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Trauma, critical Care

Alan Bleakley
Inequalities in society are reflected in patterns of disease and access to health care, where the disadvantaged suffer most. Traditionally, doctors have kept politics out of their work, even though politics often shape medicine. What political responsibilities, then, should doctors have as they facilitate the learning of medical students? The article in this issue by Kumagai, Jackson, and Razack goes straight to the heart of this question. These authors ask whether educators should be wary of "cutting close to the bone" in discussing issues that may restimulate trauma in some medical students...
October 25, 2016: Academic Medicine: Journal of the Association of American Medical Colleges
Paula Ferrada, Rao R Ivatury, David A Spain, Kimberly A Davis, Michel Aboutanos, John J Fildes, Thomas M Scalea
INTRODUCTION: Acute Care Surgery (ACS), Trauma and Surgical Critical Care (SCC) fellowships graduate fellows deemed qualified to perform complex cases immediately upon graduation. We hypothesize international fellow rotations (IFR) can be a resource to supplement operative case exposure METHODS: A survey was sent to all program directors of ACS and SCC fellowships via email. Data was captured and analyzed using the Research Electronic Data Capture (REDCap) tool. RESULTS: The survey was sent to 113 program directors (PDs) with a response rate of 42%...
October 25, 2016: Journal of Trauma and Acute Care Surgery
Chiara Robba, Andrea Ortu, Federico Bilotta, Alessandra Lombardo, Mypinder S Sekhon, Fabio Gallo, Basil F Matta
BACKGROUND: Veno-venous extra-corporeal membrane oxygenation (vv-ECMO) is an established salvage therapy for severe respiratory failure, and may provide an alternative form of treatment for trauma-induced acute respiratory distress syndrome (ARDS) when conventional treatments have failed. The need for systemic anticoagulation is a relative contraindication in patients with bleeding risks, especially in multi traumatic injury. METHODS: We describe a case series of four trauma patients with ARDS who were managed with ECMO admitted to the Neuro Critical Care Unit (NCCU) at Addenbrooke's Hospital, Cambridge (UK), from January 2000 to January 2016...
October 25, 2016: Journal of Trauma and Acute Care Surgery
Pauline K Park, Jeremy W Cannon, Wen Ye, Lorne H Blackbourne, John B Holcomb, William Beninati, Lena M Napolitano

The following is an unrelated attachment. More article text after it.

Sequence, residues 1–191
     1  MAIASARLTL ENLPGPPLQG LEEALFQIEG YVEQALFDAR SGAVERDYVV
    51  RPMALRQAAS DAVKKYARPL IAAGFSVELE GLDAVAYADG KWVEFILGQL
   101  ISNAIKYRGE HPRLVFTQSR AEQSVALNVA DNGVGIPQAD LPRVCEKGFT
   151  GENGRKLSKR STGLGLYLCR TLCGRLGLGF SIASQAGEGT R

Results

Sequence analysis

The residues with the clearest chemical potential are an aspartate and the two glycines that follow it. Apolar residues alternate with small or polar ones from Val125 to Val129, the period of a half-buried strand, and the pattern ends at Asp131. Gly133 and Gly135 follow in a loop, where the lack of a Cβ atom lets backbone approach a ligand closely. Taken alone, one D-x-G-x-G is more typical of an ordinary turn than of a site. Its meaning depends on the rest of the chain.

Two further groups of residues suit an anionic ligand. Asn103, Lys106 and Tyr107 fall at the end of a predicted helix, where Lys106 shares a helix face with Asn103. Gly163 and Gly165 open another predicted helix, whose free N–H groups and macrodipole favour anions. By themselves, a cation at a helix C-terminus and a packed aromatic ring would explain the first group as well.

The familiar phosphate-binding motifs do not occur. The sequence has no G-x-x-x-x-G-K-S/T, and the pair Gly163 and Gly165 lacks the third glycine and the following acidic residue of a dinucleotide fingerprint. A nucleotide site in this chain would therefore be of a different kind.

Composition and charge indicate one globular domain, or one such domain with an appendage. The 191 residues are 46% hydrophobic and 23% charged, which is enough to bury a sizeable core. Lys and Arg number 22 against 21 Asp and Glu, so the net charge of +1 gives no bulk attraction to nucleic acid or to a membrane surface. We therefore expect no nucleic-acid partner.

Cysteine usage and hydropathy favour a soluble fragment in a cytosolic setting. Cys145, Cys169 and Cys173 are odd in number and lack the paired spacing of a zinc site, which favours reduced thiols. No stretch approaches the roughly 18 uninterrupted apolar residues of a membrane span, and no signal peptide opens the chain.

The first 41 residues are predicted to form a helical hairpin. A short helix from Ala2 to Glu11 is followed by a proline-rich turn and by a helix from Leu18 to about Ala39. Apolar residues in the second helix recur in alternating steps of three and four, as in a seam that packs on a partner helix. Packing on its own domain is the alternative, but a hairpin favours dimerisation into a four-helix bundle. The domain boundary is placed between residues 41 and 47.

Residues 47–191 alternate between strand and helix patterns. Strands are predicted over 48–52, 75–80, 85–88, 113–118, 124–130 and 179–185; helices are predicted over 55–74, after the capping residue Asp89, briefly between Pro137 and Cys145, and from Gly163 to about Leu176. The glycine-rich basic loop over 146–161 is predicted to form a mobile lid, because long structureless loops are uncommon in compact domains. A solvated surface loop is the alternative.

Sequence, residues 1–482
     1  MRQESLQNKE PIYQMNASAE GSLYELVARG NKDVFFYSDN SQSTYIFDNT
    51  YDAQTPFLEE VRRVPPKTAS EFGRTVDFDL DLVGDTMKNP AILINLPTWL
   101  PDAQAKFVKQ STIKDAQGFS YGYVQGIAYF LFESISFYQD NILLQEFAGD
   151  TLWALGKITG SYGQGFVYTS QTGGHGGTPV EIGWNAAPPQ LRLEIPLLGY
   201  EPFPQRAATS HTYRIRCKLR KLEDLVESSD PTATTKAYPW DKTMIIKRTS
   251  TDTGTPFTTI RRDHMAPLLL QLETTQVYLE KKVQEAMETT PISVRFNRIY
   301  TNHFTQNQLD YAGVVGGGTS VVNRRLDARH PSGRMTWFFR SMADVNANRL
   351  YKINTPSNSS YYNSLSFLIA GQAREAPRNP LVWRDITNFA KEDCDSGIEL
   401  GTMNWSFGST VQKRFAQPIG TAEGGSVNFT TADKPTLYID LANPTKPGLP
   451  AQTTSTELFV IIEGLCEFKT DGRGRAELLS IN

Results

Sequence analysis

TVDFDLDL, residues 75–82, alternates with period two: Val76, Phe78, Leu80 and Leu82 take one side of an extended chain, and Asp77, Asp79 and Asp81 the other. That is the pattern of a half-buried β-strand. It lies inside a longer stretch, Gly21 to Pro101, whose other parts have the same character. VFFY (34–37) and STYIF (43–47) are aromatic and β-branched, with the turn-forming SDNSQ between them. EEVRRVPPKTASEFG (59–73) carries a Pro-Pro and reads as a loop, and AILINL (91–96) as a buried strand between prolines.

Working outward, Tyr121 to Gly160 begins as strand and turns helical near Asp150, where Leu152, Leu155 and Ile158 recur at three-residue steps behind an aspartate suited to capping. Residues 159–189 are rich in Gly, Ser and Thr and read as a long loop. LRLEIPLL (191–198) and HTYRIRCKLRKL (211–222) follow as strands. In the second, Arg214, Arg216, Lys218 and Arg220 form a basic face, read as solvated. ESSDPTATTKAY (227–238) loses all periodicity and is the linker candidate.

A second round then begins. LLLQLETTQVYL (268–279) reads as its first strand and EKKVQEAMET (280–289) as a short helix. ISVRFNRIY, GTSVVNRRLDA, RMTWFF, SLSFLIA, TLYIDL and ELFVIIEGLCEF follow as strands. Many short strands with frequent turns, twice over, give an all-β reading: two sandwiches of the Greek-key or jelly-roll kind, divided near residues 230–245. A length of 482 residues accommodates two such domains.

BACKGROUND: The overall incidence and mortality of acute respiratory distress syndrome (ARDS) in civilian trauma settings have decreased over the past four decades; however, the epidemiology and impact of ARDS on modern combat casualty care are unknown. We sought to determine the incidence, risk factors, resource utilization, and mortality associated with ARDS in current combat casualty care. METHODS: This was a retrospective review of mechanically ventilated US combat casualties within the Department of Defense Trauma Registry (formerly the Joint Theater Trauma Registry) during Operation Iraqi Freedom/Enduring Freedom (October 2001 to August 2008) for ARDS development, resource utilization, and mortality...
November 2016: Journal of Trauma and Acute Care Surgery
P Michel, D Wähnert, M Freistühler, M G Laukoetter, S Rehberg, M J Raschke, P Garcia
BACKGROUND: Secondary abdominal compartment syndrome is well known as a life-threatening complication in critically ill patients in an intensive care unit. Massive crystalloid fluid resuscitation has been identified as the most important risk factor. The time interval from hospital admittance to the development of manifest abdominal compartment syndrome is usually greater than 24 hours. In the absence of any direct abdominal trauma, we observed a rapidly evolving secondary abdominal compartment syndrome shortly after hospital admittance associated with massive transfusion of blood products and only moderate crystalloid resuscitation...
October 19, 2016: Journal of Medical Case Reports
Joseph A Carcillo, J Michael Dean, Richard Holubkov, John Berger, Kathleen L Meert, Kanwaljeet J S Anand, Jerry Zimmerman, Christopher J Newth, Rick Harrison, Jeri Burr, Douglas F Willson, Carol Nicholson, Michael J Bell, Robert A Berg, Thomas P Shanley, Sabrina M Heidemann, Heidi Dalton, Tammara L Jenkins, Allan Doctor, Angie Webster
BACKGROUND: Nosocomial infection remains an important health problem in long stay (>3 days) pediatric intensive care unit (PICU) patients. Admission risk factors related to the development of nosocomial infection in long stay immune competent patients in particular are not known. METHODS: Post-hoc analysis of the previously published Critical Illness Stress induced Immune Suppression (CRISIS) prevention trial database, to identify baseline risk factors for nosocomial infection...
November 2016: Pediatric Infectious Disease Journal
Tellen D Bennett, Rebecca R Dixon, Cory Kartchner, Peter E DeWitt, Yamila Sierra, Diane Ladell, Allison Kempe, Desmond K Runyan, J Michael Dean, Heather T Keenan